President Donald Trump’s recent visit to the Mideast had a number of purposes. It was aimed at strengthening the alliance with Sunni Arab states in order to create a front to defeat ISIS and to counterbalance the destabilizing, subversive power of Iran.
Following this logic, Trump cut a deal to supply sophisticated weapons to Saudi Arabia valued at $110 billion, with the potential to increase to $350 billion in a 10 year period.
Although some Israeli ministers expressed concern over the possibility of undermining Israel’s qualitative military edge over the Arabs, the Israeli Prime Minister Benjamin Netanyahu did not stand in the way of such mega deal. The reason is because Israel believes in a new alliance with Sunni Arab states against Iran. Netanyahu also believes that such an alliance of convenience could pave the way for a comprehensive peace.
In this trip Trump also intended to revive direct peace talks between the Palestinians and Israelis. This is because the Arab countries also want this. The president is additionally confident of his mastery of the "art of the deal."
Trump may well be an outstanding dealmaker but the Palestinian leadership is in such state of disarray that no Palestinian state will last more than a few months. Ironically, the status-quo of the hated occupation is lifesaving for Palestinian leader Mahmoud Abbas as well as his associates. Without "the occupation," there would be no security in the West Bank. This prevents a Hamas coup similar to the one occurring in the occupied-free Gaza.
Likewise, foreign donations to the Palestinian Authority (PA) give the occupation a more delicious flavor, one not matched by the responsibility of having to run a chaotic Palestinian state. It is here where Arabs need to reciprocate Trump. Traditionally, the Arab world has not been supportive of a Palestinian/Israeli peace.
Early on in the process the Arabs (Egypt in particular) withdrew from multilateral talks, a regional process parallel to the bilateral talks between the Israelis and Palestinians. Above all else, these talks were supposed to facilitate and guarantee the peace process.
The Arabs abandoned this process given their concerns that Israel’s military and technological superiority could turn Israel into a hegemonic power. A situational configuration in which the Arabs would wind up playing a subordinate role in the region.
This explains why most Arab countries did not respond to President Clinton’s appeal to persuade Arafat to accept or to look positively as Israeli Prime Minister Ehud Barak’s offers of peace. It also explains why they did not respond to, or view favorably, Clinton's parameters — which further expanded Israeli concessions.
Indeed Clinton called all the Arab leaders and asked them to provide cover for Arafat’s concessions. Only Tunisia and Jordan complied with Clinton’s request.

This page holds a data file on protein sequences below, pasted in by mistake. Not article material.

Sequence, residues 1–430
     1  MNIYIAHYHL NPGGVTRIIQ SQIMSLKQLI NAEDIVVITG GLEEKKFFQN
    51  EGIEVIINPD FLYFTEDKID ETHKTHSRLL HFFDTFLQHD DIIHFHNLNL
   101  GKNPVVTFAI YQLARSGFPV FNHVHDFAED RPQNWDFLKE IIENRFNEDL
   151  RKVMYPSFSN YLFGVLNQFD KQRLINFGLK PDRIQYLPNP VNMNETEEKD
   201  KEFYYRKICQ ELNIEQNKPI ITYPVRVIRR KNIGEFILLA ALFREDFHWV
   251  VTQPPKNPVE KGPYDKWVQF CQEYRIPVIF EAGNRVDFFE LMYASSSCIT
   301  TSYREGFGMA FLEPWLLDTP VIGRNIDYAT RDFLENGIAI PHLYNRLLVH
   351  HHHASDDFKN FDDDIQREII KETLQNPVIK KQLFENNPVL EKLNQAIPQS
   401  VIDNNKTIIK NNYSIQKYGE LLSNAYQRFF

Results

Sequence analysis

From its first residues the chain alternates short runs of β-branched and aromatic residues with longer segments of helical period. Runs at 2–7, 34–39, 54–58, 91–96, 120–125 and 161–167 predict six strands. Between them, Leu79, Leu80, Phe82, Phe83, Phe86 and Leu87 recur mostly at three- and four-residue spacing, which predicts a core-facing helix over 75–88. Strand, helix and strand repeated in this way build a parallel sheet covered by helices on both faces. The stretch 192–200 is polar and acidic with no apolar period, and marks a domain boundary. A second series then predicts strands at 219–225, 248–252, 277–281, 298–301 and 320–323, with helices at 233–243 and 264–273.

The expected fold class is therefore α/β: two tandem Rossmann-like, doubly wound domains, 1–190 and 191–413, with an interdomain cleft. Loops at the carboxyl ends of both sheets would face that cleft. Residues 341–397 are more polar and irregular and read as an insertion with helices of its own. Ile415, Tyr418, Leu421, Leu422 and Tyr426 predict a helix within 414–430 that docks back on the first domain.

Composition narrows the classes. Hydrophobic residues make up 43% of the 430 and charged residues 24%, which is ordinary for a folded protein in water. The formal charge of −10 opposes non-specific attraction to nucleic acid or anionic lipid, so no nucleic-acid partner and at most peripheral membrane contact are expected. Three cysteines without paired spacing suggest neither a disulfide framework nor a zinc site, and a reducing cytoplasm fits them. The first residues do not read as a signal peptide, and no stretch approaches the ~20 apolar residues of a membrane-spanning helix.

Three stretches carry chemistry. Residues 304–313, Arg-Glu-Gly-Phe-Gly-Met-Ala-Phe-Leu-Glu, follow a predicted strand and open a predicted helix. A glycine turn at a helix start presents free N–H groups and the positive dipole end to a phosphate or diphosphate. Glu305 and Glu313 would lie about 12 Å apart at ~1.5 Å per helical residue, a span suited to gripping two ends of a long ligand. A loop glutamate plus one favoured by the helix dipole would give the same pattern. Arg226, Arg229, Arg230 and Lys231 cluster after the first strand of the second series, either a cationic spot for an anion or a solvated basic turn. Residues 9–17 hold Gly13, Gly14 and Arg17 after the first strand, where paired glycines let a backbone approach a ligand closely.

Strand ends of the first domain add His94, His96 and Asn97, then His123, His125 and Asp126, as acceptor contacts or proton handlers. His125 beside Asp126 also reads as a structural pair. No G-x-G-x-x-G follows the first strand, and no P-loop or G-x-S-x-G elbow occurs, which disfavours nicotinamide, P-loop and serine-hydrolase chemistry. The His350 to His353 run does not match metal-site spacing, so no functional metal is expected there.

To make negotiations and the inclusion of the Arabs successful Trump must press the Arabs to assume responsibility.
The revival of the Jordanian/Palestinian confederacy is important. The idea of a confederation is to provide the Palestinians with what they need. A sort of economic viability, political sovereignty, control of the means of violence, and an orderly life for Palestinians. Involvement by Palestinians in West Bank politics, with Jordanians involved in East Bank politics — with freedom of movement and work occurring concurrently —would still be extant.
That, I assume, would secure Jordanian and Palestinian political sovereignty and (as such) it would secure co-existence between the two without any of them — especially Jordan — feeling threatened by such an arrangement. Likewise, as scholar Asher Susser has pointed out, many Jordanians and Palestinians have strong bonds and family ties.
Many people doubt that the Jordanians would agree to this kind of arrangement. However, interestingly enough, a year ago, a former Jordanian Prime Minister Abdelsalam al-Majali visited the West Bank proposing again a confederation that would have a "joint legislature and joint government with equal representation whereby the upper authority will have three main missions — security, economy, and foreign affairs-and the rest will be the jurisdiction of the joint government."
Chaos in the West Bank is definitely a threat to Jordan. Majali rightly observed that the Palestinians were not "fully qualified to assume their responsibilities, in wake of the failures of Arab countries to support them."
This is why the Arabs must make a commitment to support negotiations and also back them. Multilateral talks must be revived. The Arabs must stop the wars of propaganda, while being fully vested in guaranteeing peace with Israel.
The old ways are no longer viable.
Luis Fleischman has worked as adviser for the Menges Hemispheric Security Project at the Center for Security Policy on issues related to Latin America. He is the author of "Latin America in the Post-Chavez Era: The Threat to U.S. Security." Fleischman is an adjunct professor of sociology and political science at Barry University. For more of his reports, Go Here Now.
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